The third largest source of oil in the world is the Canadian oil sands and the United States already imports more of it from there than from anywhere else. With oil prices on the rise, the controversial oil sands are likely to become even more economically viable, despite experts’ warnings about environmental risks [and the political and environmental gamesmanship to block the Keystone pipeline project from there to refining facilities in the U.S.]. Below are 11 incredible facts about the oil sands. Words: 408
So says Dina Spector (www.businessinsider.com) in edited excerpts from the original article*.
Lorimer Wilson, editor of www.munKNEE.com (Your Key to Making Money!), has edited the article below for length and clarity – see Editor’s Note at the bottom of the page. This paragraph must be included in any article re-posting to avoid copyright infringement.
Here are the facts, with pictures and a chart:
- Of Canada’s 175 billion barrels of oil that can be recovered, 170 billion barrels come from the oil sands in the Alberta region. [See photo here.]
- Canada has about 9 times as much proven oil reserves as the United States (around 22 billion barrels). [See photo here.]
- The country has enough oil to fuel its own oil demand for about 266 years (if they stopped exporting their oil). [See photo here.]
- New oil sands development is expected to generate $84 billion per year — enough to feed more than 90% of Canadian households for one year. [See photo here.]
- Canada supplies 25% of U.S. crude oil imports, more than double that of Saudi Arabia. [See chart here.]
- The oil sands cover 54,826 square miles, an area bigger than England and almost the size of Florida. [See photo here.]
- It takes about two tons of mined oil sands to produce one barrel of crude oil. One operating mine in Alberta has excavated more soil than the Great Pyramid of Cheops, the Great Wall of China, the Suez Canal and the world’s 10 biggest dams combined. [See photo here.]
- The total size of the lakes made from oil extraction is bigger than Vancouver. [See photo here.]
- Producing a barrel of tar sand oil emits three times more greenhouse gases than producing a barrel of conventional oil. [See photo here.]
- Oil sands production uses enough natural gas in a day to heat 3 million homes in Canada. [See photo here.]
- The world’s oil sands production went up 225% in the last decade. [See photo here.]
Editor’s Note: The above article may have been edited ([ ]), abridged (…), and reformatted (including the title, some sub-titles and bold/italics emphases) for the sake of clarity and brevity to ensure a fast and easy read. The article’s views and conclusions are unaltered and no personal comments have been included to maintain the integrity of the original article.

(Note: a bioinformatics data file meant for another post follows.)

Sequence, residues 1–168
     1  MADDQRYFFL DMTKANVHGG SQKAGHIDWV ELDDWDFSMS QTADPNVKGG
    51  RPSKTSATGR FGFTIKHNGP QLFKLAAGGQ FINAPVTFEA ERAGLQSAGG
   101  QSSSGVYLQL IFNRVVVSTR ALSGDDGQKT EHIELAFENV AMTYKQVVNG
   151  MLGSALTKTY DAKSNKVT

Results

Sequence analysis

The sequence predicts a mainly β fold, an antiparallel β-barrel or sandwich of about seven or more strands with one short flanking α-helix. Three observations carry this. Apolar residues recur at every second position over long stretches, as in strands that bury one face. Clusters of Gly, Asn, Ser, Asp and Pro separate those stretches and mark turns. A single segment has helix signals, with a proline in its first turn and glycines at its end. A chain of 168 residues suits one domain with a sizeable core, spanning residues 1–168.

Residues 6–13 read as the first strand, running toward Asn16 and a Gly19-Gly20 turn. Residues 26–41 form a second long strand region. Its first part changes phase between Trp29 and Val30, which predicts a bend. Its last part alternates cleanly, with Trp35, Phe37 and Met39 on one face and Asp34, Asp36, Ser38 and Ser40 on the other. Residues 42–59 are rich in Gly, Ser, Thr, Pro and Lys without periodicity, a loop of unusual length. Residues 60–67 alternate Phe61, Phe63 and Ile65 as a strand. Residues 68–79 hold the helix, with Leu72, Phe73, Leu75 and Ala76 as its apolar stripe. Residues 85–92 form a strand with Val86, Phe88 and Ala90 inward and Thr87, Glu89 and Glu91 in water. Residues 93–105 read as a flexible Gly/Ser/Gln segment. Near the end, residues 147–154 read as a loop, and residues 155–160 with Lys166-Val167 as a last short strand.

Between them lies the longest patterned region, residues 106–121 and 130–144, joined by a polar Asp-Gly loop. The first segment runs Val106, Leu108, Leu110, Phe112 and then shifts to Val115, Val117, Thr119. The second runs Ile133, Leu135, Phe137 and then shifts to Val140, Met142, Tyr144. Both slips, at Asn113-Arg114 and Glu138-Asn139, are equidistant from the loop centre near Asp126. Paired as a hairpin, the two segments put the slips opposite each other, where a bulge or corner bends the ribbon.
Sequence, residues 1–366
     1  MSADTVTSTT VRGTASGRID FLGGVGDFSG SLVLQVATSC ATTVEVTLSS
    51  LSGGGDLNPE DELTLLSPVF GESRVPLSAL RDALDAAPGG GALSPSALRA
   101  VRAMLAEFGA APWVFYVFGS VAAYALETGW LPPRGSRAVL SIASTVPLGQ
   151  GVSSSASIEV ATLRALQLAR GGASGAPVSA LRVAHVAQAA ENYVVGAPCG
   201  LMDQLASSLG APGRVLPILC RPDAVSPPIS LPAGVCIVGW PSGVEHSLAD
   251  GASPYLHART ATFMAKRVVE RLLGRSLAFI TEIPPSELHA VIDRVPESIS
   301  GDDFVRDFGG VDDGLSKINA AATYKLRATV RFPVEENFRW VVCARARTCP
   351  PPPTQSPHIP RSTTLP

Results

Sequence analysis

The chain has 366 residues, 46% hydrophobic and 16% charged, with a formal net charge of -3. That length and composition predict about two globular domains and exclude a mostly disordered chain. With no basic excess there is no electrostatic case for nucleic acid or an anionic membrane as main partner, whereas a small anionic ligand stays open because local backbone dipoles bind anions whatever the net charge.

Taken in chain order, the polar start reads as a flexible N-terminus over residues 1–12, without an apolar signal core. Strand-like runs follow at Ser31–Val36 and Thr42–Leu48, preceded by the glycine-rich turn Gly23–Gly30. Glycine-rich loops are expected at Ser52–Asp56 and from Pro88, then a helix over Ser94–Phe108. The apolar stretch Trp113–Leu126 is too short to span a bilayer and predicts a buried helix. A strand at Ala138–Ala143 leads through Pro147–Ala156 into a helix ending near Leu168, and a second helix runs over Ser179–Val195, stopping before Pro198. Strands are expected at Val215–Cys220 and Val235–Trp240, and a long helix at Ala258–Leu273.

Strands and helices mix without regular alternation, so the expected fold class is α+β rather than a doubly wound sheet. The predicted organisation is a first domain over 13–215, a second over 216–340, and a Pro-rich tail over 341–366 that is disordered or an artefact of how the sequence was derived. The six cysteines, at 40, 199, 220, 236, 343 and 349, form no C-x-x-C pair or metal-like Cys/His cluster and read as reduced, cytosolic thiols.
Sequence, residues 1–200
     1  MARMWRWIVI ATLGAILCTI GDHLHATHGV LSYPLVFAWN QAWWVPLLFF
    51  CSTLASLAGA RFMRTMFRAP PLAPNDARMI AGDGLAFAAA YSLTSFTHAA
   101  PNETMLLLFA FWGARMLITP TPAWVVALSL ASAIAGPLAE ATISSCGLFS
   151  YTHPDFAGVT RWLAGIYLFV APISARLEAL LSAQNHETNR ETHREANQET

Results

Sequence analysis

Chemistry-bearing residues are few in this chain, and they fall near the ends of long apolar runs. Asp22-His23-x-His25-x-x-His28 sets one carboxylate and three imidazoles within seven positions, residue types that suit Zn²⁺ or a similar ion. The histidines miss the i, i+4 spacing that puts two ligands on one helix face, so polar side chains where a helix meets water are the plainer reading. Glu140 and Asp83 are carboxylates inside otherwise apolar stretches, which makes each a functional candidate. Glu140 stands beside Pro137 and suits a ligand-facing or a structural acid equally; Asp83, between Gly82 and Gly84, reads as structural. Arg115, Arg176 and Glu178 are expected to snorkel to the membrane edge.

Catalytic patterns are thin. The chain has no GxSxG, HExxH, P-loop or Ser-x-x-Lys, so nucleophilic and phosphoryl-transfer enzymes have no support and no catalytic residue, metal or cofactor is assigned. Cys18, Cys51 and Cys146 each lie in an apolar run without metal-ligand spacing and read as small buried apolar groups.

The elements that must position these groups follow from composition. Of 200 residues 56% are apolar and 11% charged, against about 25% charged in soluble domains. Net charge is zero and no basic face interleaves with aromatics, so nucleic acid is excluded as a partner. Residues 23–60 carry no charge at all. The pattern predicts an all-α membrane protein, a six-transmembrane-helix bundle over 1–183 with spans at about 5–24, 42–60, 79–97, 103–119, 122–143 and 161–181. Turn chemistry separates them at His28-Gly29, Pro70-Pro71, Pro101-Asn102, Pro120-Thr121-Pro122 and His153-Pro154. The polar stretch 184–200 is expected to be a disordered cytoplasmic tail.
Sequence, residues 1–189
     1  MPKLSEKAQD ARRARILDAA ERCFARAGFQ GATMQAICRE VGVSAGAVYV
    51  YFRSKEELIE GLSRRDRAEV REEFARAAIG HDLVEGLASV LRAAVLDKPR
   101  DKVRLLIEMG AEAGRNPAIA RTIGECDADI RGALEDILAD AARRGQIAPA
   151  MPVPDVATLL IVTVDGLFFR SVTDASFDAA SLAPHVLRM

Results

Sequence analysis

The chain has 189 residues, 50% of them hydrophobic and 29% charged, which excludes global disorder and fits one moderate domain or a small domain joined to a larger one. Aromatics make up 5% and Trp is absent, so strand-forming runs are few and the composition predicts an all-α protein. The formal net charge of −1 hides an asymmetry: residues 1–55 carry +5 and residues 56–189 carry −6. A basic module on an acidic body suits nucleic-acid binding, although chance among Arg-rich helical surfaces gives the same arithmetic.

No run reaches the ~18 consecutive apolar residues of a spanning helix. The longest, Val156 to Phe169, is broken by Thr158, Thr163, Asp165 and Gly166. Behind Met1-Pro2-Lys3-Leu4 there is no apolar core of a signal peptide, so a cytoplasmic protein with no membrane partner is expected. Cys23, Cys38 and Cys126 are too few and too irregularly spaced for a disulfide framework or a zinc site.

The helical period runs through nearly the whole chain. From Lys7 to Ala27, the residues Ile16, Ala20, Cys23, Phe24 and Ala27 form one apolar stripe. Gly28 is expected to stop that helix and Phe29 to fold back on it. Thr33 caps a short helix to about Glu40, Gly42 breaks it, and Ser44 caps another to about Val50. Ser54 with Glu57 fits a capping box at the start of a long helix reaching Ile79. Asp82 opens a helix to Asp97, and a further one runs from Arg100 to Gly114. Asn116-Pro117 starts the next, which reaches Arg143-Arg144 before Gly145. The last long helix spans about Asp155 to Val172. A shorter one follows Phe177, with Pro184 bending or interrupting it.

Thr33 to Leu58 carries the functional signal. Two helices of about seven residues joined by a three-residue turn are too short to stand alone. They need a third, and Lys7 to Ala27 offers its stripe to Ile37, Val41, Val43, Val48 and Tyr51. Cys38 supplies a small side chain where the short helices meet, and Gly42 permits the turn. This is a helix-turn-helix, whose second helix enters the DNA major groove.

Automatic Delivery Available! If you enjoy this site and would like every article sent to you automatically then go HERE and sign up to receive FREE Your Daily Intelligence Report. We provide an easy “unsubscribe” feature should you decide to opt out at any time.
Spread the word. munKNEE should be in everybody’s inbox and MONEY in everybody’s wallet!
Coal, hydroelectric and oil are increasingly in high demand to meet the world’s growing appetite for power. In fact, global energy consumption grew 5.6 percent in 2010, the highest rate since 1973. Discover 10 other fascinating facts about worldwide consumption in this informative slide show.
The oil sands in northern Alberta are crucially important to the Canadian economy. People from all over the country are traveling there to find work. The news is filled with controversy over proposed pipelines (the Keystone XL and the Northern Gateway) to carry the oil to export markets. Here are 10 things everyone should know about the oil sands. Words: 878
When you think of Canada, which qualities come to mind: the world’s peacekeeper, the friendly nation, a liberal counterweight to the harsher pieties of its southern neighbour, decent, civilised, fair, well-governed? Think again. This country’s government is now behaving with all the sophistication of a chimpanzee’s tea party. Words: 1377
The carbon footprint left by Canada’s oil sands has been a target of criticism for years with many environmentalists suggesting that the extraction and processing of bitumen from Alberta’s northern oil sands is “two to three times worse” for the environment than any other supply of oil on the planet. Is that legitimate criticism? Words: 692
Some people arbitrarily speak about oil as if it is a single, indistinguishably homogenous substance without any unique differentiation, but this is actually not the case at all! In fact, there are many different kinds of oil. Words: 1007